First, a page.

Clean energy and climate change are two topics that led the largest business group in San Francisco to defect from its leader, the U.S. Chamber of Commerce.
Apparently, the San Francisco Chamber of Commerce’s aggressive leadership on climate change is clashing with the U.S. chamber, prompting the local group to break away and form a coalition of its own.
Dubbed the Chambers for Innovation and Clean Energy, the group has already recruited more than two dozen local chambers throughout the nation whose politics on climate change, particularly when it comes to limiting carbon emissions, align with San Francisco’s.
The group — which has yet to formally launch — wants to carve out its own voice on federal energy bills that are going before Congress this year, said Steve Falk, president and CEO of the San Francisco chamber.
“There are business members throughout the country who are interested in responsible climate legislation who don’t feel like they have a voice except through local chambers, so we need to pick up the game at the local level,” Falk said.
The chamber has taken an aggressive position on curbing global warming and advancing the clean-energy industry, saying green jobs are the future. It’s not the first time the local chamber has been out of step with its colleagues. The group has been an avid supporter of Assembly Bill 32, California’s landmark climate change law, and it’s opposing the November ballot measure to suspend it. The California Chamber of Commerce did not support AB 32 when it was passed in 2006.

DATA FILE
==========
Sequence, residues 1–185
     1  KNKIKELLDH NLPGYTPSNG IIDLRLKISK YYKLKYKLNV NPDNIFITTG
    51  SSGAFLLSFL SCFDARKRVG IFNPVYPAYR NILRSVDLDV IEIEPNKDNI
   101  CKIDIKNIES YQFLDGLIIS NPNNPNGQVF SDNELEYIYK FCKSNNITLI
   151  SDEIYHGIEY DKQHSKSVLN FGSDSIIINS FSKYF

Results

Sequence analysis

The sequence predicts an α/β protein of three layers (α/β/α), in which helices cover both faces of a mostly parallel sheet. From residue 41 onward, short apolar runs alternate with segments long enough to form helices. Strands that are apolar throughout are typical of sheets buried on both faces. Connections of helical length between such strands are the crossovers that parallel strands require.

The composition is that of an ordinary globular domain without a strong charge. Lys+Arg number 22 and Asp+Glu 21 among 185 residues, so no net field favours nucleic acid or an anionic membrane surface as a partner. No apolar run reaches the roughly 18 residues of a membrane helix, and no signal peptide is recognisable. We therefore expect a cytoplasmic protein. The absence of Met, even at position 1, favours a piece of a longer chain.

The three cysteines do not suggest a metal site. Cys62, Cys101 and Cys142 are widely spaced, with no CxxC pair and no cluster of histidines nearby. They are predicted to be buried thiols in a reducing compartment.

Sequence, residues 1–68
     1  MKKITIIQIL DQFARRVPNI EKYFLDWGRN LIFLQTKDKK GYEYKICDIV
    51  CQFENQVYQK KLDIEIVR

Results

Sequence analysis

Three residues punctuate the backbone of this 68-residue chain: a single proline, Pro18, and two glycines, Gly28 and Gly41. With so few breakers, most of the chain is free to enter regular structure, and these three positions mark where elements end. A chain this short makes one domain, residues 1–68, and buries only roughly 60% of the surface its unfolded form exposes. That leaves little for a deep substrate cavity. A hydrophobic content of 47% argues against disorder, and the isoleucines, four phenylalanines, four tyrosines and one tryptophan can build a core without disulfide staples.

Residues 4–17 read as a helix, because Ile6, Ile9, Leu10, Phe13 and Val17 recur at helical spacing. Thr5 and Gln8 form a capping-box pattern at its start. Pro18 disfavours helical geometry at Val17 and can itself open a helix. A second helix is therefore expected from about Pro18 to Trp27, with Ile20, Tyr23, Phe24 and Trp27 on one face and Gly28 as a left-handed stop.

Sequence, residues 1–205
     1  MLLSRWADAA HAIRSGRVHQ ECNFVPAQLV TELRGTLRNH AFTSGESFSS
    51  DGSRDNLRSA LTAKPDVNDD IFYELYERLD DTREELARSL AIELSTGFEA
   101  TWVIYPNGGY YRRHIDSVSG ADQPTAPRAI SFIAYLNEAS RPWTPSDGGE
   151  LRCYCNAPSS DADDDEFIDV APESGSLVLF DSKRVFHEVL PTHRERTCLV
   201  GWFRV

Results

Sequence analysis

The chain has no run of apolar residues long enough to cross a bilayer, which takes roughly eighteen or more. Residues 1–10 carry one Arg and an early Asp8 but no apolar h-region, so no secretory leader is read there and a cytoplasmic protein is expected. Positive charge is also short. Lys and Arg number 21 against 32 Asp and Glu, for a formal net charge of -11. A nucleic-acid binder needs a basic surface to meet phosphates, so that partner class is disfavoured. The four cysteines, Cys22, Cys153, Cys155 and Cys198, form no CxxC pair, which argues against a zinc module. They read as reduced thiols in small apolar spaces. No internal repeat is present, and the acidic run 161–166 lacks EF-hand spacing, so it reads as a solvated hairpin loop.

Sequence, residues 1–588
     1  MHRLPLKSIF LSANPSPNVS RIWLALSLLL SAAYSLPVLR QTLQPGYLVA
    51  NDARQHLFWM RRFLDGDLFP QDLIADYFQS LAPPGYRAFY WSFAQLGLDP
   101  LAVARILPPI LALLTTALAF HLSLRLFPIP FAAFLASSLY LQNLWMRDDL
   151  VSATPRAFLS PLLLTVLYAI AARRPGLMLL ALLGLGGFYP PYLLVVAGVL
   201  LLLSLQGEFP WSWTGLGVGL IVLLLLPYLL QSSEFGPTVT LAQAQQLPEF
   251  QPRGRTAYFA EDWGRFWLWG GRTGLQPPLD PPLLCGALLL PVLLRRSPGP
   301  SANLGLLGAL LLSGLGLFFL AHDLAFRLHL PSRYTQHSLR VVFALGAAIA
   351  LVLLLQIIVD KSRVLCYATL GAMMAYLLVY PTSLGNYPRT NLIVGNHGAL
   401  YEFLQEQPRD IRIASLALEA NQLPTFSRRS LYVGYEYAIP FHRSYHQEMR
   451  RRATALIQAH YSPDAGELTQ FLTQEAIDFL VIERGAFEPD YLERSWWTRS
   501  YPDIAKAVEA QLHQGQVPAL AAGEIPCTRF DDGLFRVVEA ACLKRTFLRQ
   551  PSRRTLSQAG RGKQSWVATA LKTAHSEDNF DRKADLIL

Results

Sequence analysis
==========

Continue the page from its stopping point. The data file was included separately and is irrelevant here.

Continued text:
San Francisco chamber officials say the move isn’t meant to be a slap in the face, but U.S. chamber leaders feel the move is “undermining” its national agenda.
Tita Freeman, U.S. chamber spokeswoman, said the group has been extremely supportive of climate change.
U.S. chamber leaders say they have their own ideas about why San Francisco is stepping out. In a letter sent July 21 to U.S. chamber members, President Winthrop M. Hallett III claimed the coalition is being driven by the Natural Resources Defense Council, an environmental activist group that has been critical of the U.S. chamber, Hallett said.
“Through this new front group, the [NRDC] advances the notion that the U.S. chamber is somehow standing in the way of climate action,” Hallett said.
Officials with the council said the new coalition was not driven by them. Yet, one of its partners, E2, worked with the San Francisco chamber, advising Falk in the developing stages of the coalition, said Bob Epstein, co-founder of E2.
“The U.S. chamber has been hostile toward climate policy, and as a result they saw their members leave,” Epstein said.